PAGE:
North Korea launches two cruise missiles off coast in first tests since major Covid outbreak

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North Korea fired two cruise missiles early on Wednesday, days after the isolated country proclaimed victory in its battle against the Covid-19 pandemic.

According to sources in the South Korean military, the missiles were launched from the west coast town of Onchon.

South Korean and the US military authorities are analysing details of the missiles’ flight, including the range.

These are the first missile tests by North Korea in two months as the country was battling a Covid-19 outbreak.

On 30 July, less than three months after it announced its first domestic Covid-19 outbreak, North Korea reported not a single “fever” case. Fever is the euphemism North Korea has used to describe Covid infections.

Pyongyang’s last weapons test was on 10 July, when it fired multiple rocket launchers.

Its leader Kim Jong-un has also been observed preparing for the country’s possible nuclear test, which would be its first since 2017.

In 2022 alone, North Korea has launched more than 30 ballistic weapons so far, including its first intercontinental ballistic missiles in nearly five years.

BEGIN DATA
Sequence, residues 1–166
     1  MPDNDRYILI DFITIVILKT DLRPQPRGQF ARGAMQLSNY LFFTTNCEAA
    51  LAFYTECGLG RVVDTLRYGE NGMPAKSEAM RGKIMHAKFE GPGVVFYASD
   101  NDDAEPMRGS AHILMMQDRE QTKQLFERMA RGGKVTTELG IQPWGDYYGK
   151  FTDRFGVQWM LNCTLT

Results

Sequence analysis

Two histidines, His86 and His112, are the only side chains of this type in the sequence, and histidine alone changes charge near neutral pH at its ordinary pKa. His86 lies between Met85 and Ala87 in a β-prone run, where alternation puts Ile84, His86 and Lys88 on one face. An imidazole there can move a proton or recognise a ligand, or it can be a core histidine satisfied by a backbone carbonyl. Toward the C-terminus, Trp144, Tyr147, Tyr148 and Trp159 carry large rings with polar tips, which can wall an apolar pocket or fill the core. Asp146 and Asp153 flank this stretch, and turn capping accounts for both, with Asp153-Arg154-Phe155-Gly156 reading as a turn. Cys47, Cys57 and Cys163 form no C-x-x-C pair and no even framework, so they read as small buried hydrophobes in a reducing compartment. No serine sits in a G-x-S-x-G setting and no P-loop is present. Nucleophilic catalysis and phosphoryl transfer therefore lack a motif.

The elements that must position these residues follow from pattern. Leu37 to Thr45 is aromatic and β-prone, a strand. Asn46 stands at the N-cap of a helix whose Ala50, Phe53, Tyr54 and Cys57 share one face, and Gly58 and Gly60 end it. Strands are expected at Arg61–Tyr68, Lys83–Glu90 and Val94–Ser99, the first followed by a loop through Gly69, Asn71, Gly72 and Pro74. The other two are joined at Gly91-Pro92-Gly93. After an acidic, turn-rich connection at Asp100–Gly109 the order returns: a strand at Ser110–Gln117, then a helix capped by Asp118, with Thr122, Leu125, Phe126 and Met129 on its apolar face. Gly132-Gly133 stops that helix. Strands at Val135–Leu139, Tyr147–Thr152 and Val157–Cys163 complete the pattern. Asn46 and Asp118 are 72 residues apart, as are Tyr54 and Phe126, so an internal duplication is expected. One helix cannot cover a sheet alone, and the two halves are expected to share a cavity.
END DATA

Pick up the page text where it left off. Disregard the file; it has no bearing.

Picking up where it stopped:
Wednesday’s tests came just a day after South Korea and the US kicked off their four-day preliminary joint drill on Tuesday.

The four-day drill is in preparation for the long-suspended live field training Ulchi Freedom Shield, scheduled to be held from 22 August to 1 September.

There are concerns that North Korea could raise tensions around the joint military exercises between the US and South Korea.

Speaking at a press briefing on Wednesday, South Korea’s president Yoon Suk-yeol said that his government has no plans to pursue its own nuclear deterrent despite growing threats from Mr Kim.

Mr Yoon said that South Korea is hoping for dialogue and that his government does not desire political change in the North.

He said that his government wants “meaningful dialogue” with North Korea and added that Seoul is willing to provide corresponding economic rewards at each step of a phased denuclearisation process if the North commits to a genuine “road map” toward fully abandoning its weapons programme.

Earlier efforts by the South to provide aid in the form of food, healthcare, port infrastructure have been rejected by North Korea.

Additional reporting by agencies